Royal Canadian Mint Claims Copyright On One Cent Piece, Threatens Indie Musician Over Album Art

from the penny-for-your-thoughts dept

Recently, we learned that Canadian musician Dave Gunning ran into some copyright troubles regarding his latest album, No More Pennies. No, he did not use music or lyrics from any other artist without permission. What he did was something far worse, at least in the eyes of one organization. What he had the audacity to do was include images of the soon-to-be-retired Canadian penny.

When the Royal Canadian Mint caught wind of Dave's tribute album and the timely use of the penny in its artwork, it sent a legal threat to Dave stating that he was infringing the copyright of the Mint and that he must pay a royalty on each album sold. Of course, the Mint did decide to give him a break on this royalty by waving the fees on the first 2000 albums sold, but said he had to pay after that. That was quite generous, or so the Mint was quick to claim.

“We have helped this guy out by giving him a break,” Alex Reeves, communications manager for the Royal Canadian Mint, said Tuesday.

“Now that we have explained the rules and the policy, it’s very clear what the implications are for using the penny’s image. And we’re certainly being consistent in the applications of our policy for any for-profit use,” he said.

Dave, however, saw things a bit differently.

“It is pennies to them but is pretty substantial for me,” said Gunning, who won two East Coast Music Awards in 2011, adding “we really had no idea” the ode to the penny was going to land him in hot water.

I had to scratch my head for a bit on this little dispute. Here in the US, works of the government are automatically in the public domain and can be freely used by the public. In regards to currency, while it is illegal to create counterfeit currency, it is legal to duplicate the images of currency as long as it is clearly a fake. Things are not quite so clear cut in Canada. 

For the Canadian government, works it produces are covered by a Crown Copyright in which the government retains some control over the use. However, even this explanation might not be quite so cut and dry. As Canadian lawyer Howard Knopf explains:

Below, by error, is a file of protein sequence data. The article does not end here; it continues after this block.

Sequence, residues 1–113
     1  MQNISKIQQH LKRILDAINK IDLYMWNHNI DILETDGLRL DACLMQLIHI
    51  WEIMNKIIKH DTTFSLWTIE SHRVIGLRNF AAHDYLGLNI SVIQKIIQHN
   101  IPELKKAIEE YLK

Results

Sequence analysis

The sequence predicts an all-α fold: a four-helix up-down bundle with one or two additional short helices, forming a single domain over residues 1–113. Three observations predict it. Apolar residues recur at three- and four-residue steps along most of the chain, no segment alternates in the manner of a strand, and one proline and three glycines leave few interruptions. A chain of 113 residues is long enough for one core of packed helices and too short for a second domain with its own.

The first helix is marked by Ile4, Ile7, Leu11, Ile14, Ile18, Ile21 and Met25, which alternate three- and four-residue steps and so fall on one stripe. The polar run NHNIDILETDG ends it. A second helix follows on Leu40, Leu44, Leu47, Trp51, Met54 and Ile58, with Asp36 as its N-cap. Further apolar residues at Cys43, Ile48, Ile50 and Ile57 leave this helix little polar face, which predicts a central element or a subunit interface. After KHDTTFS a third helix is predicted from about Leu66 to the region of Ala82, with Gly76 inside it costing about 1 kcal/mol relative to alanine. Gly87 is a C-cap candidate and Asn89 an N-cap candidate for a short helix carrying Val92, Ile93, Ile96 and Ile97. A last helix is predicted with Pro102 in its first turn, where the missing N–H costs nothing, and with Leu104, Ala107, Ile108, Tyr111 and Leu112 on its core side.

To be clear, the album cover shown above does not infringe any so-called intellectual property rights of the mint because:

  • If there ever was copyright in the Canadian penny, which is doubtful, it has long since expired and the above album cover would not be infringing copyright in any event
  • The above album cover does not “use” or “adopt” the Canadian penny in any technical sense covered by the Trade-marks Act.

Someone over at the Mint should learn some basic facts about intellectual property law, This kind of thing makes people lose respect for IP law and for the credibility of government institutions. There’s nothing funny about that.

Knopf points out that the Mint has even attempted similar actions before, when the city of Toronto created an ad campaign which featured an image of the penny. Just as it was then, it is now: the penny, if it was ever covered by copyright, has long since entered the public domain. This is because Crown Copyright only lasts 50 years. This fact, and plenty of negative publicity, lead the Mint to drop its action against Toronto. 

Now, we learn that the Mint has turned tail and dropped its action against Dave too:

The mint did not only waive the fee for Mr. Gunning, but said it would also review its intellectual property policy to ensure that it’s fair.

“We recognize our policy as it is today may not consider the individual needs and circumstances of those who request the use of our images,” spokeswoman Christine Aquino said from Ottawa.

“We’re allowing [Gunning] to do this and we truly wish him well in his career.”

Perhaps this change of heart came about because those running the legal offices of the Mint were reminded that they don't have a solid claim on the copyright of the penny. Even if they did, as Knopf clearly pointed out, Dave's use of the penny in his album work is transformative and as such covered by fair dealing. Either way, Dave is happy to have this saga ended.

“Everything’s gonna taste better now. I’m gonna sleep better,” laughed Mr. Gunning, who said he was overwhelmed by the attention his story had generated across Canada and the United States.

“This all started very simply from the fact that I’ve got a wife and three kids and just want to be able to make a living, and felt that I had to stand up for that.”

All of this raises the question of why a government has any claim of copyright on its currency to begin with. In reality, to claim such a copyright makes no sense. If the concern is that people would attempt to print their own currency, that is what counterfeit laws are for. Otherwise, it seems to be an unneeded burden on the freedom of Canadians. 

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Comments on “Royal Canadian Mint Claims Copyright On One Cent Piece, Threatens Indie Musician Over Album Art”

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Gregg says:

GoC Idiots